President Donald Trump dropped his own New Year's ball—in the form of a wrecking ball—with a late Friday afternoon announcement that effectively wipes out plans for perhaps the nation's most crucial infrastructure project.
The president officially scrapped his predecessor's proposal to have the federal government underwrite half the cost of a multi-billion-dollar Amtrak tunnel connecting New Jersey to Penn Station, the busiest transit hub in the U.S. The lone existing tunnel is rapidly deteriorating, threatening to sever Amtrak's popular Northeast Corridor and to divert tens of thousands of New Jerseyans from their daily Manhattan commutes via New Jersey Transit.
The administration released the news on the cusp of a holiday weekend in a letter from a top Federal Transit Administration official to Gov. Andrew Cuomo and his New Jersey counterpart Chris Christie, who had agreed with the Obama administration to split the project's costs 50-50.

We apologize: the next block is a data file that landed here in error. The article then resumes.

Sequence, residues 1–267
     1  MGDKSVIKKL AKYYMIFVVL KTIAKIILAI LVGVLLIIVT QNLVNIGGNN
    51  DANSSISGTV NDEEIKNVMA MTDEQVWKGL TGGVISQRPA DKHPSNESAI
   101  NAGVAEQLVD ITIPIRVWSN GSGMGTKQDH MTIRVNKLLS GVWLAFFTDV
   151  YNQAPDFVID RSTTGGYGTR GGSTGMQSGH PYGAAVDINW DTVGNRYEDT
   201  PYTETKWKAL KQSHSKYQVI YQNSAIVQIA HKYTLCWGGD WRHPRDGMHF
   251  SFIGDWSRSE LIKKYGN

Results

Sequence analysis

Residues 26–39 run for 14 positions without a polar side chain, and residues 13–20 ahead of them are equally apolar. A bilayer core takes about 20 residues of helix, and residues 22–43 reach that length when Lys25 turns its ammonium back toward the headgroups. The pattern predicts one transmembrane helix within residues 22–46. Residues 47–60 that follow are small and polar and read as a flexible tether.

President Barack Obama's Department of Transportation, which encompasses the FTA, had consented to that framework with Christie, Cuomo, now-Senate Minority Leader Charles Schumer and New Jersey Sen. Corey Booker in 2015.
Friday's letter, in response to an updated proposal by the two states to fund their half of the plan with federal loans, declared the deal null and void.
"Your letter also references a non-existent '50/50' agreement between USDOT, New York, and New Jersey. There is no such agreement," wrote FTA Deputy Administrator K. Jane Williams. "We consider it unhelpful to reference a non-existent 'agreement' rather than directly address the responsibility for funding a local project where nine out of 10 passengers are local transit riders."